High Flux Beam Reactor Facility Description
One of 10 national laboratories overseen and primarily funded by the Office
of Science of the U.S. Department of Energy (DOE), Brookhaven National
Laboratory is located in the Town of Brookhaven in Suffolk County on
Long Island, approximately 60 miles east of New York City. The BNL site
occupies about 5,300 mostly-wooded acres in Suffolk County. Many of the
Labís facilities are near the center of the site, in a developed portion
that covers about 1,700 acres. The High Flux Beam Reactor (HFBR) is located
in this central portion of the BNL property. The HFBR complex covers
approximately 13 acres.
The mission of the HFBR was to provide a source of neutrons for
multidisciplinary scientific research in materials science, chemistry,
biology, and physics. The HFBR achieved criticality on October 31, 1965. The
reactor was originally designed for operation at a power level of 40
megawatts (MW). In addition to its external beams of neutrons, seven sample
irradiation thimbles for neutron activation experiments were provided. In
1982, an equipment upgrade allowed operations at 60 MW. The reactor was shut
down in 1989 to analyze the safety impact of a hypothetical loss-of-coolant
accident. It was restarted in 1991 at 30 MW. The HFBR was shut down for
routine maintenance and refueling in 1996 when a leak was discovered in the
spent fuel pool that released tritium-contaminated water into the
ground. The reactor remained shut down for three years for safety and
environmental reviews. In January 1998, all the spent fuel was removed and
shipped off site to allow for the insertion of a stainless steel liner in
the spent fuel pool for the restart of the reactor. However in 1999, the DOE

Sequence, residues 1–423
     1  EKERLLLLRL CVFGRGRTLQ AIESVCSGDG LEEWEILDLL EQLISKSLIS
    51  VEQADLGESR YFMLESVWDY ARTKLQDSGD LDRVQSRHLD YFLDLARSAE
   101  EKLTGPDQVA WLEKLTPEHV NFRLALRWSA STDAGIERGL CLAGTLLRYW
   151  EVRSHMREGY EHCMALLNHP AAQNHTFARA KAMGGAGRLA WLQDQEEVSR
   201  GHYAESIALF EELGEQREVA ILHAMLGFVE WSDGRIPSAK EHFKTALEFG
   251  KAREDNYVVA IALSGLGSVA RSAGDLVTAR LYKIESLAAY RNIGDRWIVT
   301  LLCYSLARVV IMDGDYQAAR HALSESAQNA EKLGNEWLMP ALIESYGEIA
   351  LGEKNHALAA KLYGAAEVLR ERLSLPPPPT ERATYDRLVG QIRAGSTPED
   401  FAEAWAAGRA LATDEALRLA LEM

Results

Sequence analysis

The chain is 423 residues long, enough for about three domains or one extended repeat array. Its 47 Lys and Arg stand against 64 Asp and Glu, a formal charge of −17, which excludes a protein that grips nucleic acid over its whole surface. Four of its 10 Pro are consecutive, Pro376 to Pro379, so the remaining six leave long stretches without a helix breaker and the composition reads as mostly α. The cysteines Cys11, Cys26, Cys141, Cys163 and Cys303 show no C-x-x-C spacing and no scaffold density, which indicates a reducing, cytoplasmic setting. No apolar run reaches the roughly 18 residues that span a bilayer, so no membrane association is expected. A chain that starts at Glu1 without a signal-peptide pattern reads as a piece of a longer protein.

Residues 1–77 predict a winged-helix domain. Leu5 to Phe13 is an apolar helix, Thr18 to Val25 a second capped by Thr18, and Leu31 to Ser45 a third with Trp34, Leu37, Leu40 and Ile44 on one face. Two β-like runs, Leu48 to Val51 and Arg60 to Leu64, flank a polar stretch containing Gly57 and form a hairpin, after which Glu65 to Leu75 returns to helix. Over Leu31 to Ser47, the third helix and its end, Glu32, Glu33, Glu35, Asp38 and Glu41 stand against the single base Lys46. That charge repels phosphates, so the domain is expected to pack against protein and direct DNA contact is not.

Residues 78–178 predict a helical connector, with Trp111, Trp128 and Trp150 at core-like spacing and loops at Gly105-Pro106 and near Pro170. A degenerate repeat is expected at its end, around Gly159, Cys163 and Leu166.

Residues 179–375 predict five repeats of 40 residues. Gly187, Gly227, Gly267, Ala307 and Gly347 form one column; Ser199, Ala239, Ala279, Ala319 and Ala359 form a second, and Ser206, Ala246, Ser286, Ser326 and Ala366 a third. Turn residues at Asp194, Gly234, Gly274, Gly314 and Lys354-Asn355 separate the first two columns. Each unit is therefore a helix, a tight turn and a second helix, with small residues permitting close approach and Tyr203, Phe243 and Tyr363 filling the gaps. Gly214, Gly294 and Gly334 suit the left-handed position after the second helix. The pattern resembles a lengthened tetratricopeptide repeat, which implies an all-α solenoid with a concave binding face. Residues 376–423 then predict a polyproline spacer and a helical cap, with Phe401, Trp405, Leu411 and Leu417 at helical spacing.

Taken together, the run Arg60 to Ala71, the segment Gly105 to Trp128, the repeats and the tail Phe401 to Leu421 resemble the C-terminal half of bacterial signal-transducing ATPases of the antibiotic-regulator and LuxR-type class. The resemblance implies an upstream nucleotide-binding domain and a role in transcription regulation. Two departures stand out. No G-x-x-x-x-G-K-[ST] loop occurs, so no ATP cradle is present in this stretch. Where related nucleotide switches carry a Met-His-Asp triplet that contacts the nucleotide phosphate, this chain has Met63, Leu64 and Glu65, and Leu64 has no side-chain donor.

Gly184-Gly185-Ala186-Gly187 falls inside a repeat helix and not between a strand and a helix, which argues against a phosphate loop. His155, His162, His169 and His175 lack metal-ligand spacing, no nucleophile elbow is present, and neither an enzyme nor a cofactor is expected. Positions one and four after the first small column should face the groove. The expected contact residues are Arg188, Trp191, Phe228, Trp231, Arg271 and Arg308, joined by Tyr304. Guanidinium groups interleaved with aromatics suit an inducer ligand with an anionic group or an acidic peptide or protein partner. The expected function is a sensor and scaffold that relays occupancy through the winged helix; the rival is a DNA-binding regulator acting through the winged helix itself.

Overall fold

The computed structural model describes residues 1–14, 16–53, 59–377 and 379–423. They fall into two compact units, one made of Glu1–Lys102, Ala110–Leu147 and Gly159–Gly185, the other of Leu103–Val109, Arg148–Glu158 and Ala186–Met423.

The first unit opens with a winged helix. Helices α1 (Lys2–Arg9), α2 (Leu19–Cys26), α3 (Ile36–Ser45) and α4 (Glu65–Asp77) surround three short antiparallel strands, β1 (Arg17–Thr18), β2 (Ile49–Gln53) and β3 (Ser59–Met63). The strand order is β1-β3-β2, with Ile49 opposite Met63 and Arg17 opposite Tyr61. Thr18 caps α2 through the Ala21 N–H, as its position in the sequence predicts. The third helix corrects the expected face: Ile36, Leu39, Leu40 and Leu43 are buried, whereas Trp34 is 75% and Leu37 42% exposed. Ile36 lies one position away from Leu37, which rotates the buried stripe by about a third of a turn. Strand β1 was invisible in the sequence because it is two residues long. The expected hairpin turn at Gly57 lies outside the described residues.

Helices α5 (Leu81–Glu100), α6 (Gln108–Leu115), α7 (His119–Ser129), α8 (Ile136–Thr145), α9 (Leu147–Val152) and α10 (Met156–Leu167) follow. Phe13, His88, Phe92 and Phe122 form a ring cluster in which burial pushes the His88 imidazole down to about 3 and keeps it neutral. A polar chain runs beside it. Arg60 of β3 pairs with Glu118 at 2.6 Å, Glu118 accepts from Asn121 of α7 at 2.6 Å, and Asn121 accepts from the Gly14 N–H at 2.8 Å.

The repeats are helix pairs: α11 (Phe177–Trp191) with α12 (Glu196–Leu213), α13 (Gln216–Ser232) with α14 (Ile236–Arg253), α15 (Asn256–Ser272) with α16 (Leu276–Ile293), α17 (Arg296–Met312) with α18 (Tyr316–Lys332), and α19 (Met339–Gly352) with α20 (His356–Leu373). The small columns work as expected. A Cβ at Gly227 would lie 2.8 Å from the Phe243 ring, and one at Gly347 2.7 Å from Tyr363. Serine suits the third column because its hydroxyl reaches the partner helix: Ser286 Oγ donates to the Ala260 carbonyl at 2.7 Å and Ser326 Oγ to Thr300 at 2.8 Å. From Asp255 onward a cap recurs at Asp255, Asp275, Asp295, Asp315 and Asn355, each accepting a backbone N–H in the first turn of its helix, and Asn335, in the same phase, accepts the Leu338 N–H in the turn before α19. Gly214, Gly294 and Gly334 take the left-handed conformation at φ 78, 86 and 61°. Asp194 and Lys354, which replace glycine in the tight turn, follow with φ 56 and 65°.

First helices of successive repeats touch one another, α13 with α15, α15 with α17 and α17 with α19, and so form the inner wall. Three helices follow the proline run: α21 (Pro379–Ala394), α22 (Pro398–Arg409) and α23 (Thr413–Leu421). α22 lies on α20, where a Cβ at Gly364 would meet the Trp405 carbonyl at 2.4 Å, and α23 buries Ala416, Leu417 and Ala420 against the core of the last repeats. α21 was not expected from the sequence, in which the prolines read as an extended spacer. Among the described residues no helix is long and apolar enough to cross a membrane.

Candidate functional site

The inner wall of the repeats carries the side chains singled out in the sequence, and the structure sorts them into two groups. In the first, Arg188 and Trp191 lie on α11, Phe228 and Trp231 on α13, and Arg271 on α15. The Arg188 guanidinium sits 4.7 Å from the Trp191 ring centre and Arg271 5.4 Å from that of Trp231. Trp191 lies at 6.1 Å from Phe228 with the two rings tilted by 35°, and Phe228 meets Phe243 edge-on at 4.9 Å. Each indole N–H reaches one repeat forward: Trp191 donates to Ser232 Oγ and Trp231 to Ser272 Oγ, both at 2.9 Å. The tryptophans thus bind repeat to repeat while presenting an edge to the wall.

decided to permanently shut down the HFBR.
The HFBR Complex
HFBR complex consists of multiple structures and systems that were necessary
to operate and maintain the reactor. The most recognizable features of the
complex are the domed reactor confinement building and the distinctive
red-and-white stack (at right).
Portions of the complex building structures, systems, and components, some
of which are underground, are contaminated with radionuclides and chemicals
as a result of previous HFBR and Brookhaven Graphite Research Reactor (BGRR)
operations. A number of actions have been taken to remove contaminated
structures, hazardous materials, and contaminated equipment and components
to prepare for permanent decommissioning. The remaining structures and
systems are described below.
The High Flux Beam Reactor complex (in gray) includes
Building 704 Fan House; Building 705 Stack; Building 750 Confinement
Bldg; Building 751 Cold Neutron Facility; Building 802 Fan House and Tritiated Water Evaporation Facility.
Building 750, HFBR Confinement Building
Building 750, which houses the HFBR, is a hemispherical dome. It is
the superstructure of the confinement building. The structure is
constructed of welded steel plates supported by an I-beam framework that
rests on a cylindrical base. The inside diameter of the hemisphere at
its base is 176 ft. 8 inches. The base is 22 ft. 4 in. high and rests
on a bedplate that is bolted to the reinforced concrete foundation ring.
The foundation of the confinement building is a 5 ft. thick reinforced
concrete mat bearing on the soil beneath the building.
The interior of the confinement building contains the reactor and
biological shield and is divided into equipment, experimental, balcony, and
operations levels. The operations level contained the
control room, instrument and maintenance shops, labs and offices. The